Betty Hart and Todd Risley (1995, 1999) have written what may be the clearest book describing language and achievement differences between advantaged and disadvantaged children, and differences in their early experiences. They provide correlational data showing that parents who use a lot of language (e.g., many different words) with and around their child have a child who uses many more words (and almost undoubtedly knows many more words). By three years of age, advantaged children were found to have twice the vocabulary of welfare children, and were adding productive vocabulary at twice the rate (6 words/day vs. 3 words/day). Vocabulary was strongly correlated with a measure of parent interaction combining (a) different words per hour, (b) feedback tone or warmth on interaction, (c) "symbolic emphasis", (d) suggestive rather than directive "guidance style", and (e) "responsiveness" - the proportion of parent responses to child initiated talk (r = .78). Hart and Risley (1995) summarized their overall observations of differences in children's language-related experience:

"To illustrate the differences in the amount of children's language experience using numbers, rather than just "more" and "less", we can derive an estimate based simply on words heard per hour. The longitudinal data showed that in the everyday interactions at home, the average (rounded) number of words children heard per hour was 2,150 in the professional families, 1,250 in the working-class families, and 620 in the welfare families. .... Given the consistency we saw in the data, we might venture to extrapolate to the first 3 years of life. By age 3 the children in professional families would have heard more than 30 million words, the children in working class families 20 million words, and the children in welfare families 10 million" (pp. 131-132).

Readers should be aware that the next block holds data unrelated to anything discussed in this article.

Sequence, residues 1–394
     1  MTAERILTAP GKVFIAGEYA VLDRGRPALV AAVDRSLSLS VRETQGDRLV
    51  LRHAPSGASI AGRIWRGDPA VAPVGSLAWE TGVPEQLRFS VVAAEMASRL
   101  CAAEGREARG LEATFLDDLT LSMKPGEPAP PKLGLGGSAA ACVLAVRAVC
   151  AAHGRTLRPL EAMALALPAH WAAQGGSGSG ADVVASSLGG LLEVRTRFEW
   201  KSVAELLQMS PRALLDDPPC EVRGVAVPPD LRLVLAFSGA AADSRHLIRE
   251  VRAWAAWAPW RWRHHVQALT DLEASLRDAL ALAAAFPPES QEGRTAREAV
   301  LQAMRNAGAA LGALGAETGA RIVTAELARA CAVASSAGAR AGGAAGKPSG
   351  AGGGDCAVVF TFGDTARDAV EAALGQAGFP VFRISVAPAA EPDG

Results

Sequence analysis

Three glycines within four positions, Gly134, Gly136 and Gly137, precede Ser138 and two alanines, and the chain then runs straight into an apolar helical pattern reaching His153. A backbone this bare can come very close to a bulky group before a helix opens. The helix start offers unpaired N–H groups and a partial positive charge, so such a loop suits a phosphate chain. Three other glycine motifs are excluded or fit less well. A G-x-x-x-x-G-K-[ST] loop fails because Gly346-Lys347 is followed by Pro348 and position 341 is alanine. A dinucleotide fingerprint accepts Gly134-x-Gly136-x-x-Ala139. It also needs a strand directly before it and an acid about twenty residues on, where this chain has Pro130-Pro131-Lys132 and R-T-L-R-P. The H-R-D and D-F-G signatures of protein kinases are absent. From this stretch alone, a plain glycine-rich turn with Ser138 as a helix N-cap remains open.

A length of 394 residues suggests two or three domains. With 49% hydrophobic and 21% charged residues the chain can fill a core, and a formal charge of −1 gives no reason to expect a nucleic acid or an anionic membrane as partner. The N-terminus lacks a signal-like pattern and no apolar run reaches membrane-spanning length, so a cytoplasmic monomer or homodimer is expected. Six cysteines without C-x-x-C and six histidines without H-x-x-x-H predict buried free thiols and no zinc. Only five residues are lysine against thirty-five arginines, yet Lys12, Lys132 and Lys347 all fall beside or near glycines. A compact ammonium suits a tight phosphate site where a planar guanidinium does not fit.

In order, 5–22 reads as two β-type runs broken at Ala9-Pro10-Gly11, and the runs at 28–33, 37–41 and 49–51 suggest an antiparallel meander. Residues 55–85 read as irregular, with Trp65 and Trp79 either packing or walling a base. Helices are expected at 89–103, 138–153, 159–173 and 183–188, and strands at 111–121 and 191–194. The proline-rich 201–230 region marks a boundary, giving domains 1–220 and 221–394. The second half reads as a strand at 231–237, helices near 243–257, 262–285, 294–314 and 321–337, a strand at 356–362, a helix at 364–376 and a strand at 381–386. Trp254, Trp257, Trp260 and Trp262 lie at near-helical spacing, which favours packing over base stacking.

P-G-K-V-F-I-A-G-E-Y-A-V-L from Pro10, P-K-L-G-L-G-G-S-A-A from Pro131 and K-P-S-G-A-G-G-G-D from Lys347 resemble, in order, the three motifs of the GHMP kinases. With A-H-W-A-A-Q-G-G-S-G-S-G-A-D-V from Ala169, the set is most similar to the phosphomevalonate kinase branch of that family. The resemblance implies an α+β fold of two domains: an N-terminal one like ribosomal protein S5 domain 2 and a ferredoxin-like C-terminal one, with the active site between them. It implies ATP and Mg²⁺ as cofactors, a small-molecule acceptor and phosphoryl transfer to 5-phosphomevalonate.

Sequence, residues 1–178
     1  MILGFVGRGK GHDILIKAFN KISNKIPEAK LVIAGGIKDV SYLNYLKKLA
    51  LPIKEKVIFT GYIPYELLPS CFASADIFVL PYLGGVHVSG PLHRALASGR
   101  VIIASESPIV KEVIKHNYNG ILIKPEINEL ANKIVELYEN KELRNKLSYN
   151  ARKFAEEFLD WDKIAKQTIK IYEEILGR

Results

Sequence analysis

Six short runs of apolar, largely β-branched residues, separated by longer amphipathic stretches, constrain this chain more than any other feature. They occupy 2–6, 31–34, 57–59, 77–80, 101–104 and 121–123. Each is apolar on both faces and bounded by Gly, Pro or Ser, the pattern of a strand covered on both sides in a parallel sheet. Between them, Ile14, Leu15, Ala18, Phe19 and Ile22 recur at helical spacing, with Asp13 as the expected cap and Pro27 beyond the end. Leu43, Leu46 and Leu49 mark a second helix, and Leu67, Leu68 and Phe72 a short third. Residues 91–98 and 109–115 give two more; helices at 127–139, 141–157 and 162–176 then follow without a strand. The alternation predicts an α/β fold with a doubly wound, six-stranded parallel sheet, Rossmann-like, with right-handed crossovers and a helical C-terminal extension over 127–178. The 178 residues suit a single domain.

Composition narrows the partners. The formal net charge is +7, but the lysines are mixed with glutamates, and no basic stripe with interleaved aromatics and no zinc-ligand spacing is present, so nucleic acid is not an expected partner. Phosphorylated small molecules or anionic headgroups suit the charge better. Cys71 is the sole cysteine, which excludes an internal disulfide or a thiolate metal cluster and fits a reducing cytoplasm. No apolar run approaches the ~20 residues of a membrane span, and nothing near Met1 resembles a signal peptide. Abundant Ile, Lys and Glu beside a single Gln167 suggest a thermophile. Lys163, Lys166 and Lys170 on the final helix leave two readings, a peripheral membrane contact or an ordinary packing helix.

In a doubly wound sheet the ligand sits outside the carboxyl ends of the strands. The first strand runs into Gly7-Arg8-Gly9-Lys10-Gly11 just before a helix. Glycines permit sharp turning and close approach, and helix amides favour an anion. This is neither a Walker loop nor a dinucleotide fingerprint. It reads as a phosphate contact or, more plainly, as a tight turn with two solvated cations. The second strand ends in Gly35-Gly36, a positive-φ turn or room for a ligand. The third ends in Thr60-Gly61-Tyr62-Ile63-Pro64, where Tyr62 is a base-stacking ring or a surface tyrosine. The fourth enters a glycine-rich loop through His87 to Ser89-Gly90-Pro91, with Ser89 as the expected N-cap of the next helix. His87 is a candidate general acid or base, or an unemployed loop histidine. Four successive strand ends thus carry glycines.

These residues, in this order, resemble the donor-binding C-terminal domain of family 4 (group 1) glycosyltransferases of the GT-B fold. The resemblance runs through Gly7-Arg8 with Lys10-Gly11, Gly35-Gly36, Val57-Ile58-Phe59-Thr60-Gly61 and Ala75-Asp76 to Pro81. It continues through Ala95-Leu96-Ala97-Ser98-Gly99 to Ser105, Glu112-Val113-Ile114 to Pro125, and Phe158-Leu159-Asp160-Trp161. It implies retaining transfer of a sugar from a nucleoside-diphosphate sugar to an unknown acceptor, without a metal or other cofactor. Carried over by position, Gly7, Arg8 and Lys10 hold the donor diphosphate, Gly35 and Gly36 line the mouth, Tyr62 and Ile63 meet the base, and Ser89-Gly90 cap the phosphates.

Similar findings exist in other observational studies. In Gordon Wells' study of language in the home, a significant correlation was found between total adult talk to children and the quality and gains over time in children's language. Larger correlations were found between gains in child language and the percentage of adult talk that involved extensions of child language (Wells, 1985). As in the Nelson quotation earlier, this finding implies that vocabulary grows faster when parents actively help children build vocabulary. Burton White's famous study contrasting the home environment of advantaged and disadvantaged children similarly indicated marked differences in the quantity and quality of dialogue directed to children (White & Watts, 1973). In general, children develop language more rapidly in homes where parents (usually mothers) seriously engage in dialogue with their language-learning preschoolers. There is some evidence that this variation occurs independently of socio-economic (SES) differences. In other words, children develop stronger language when being raised in lower SES circumstances but interacting with their mothers in ways similar to the way high SES children interact with their mothers (Hart & Risley, 1995).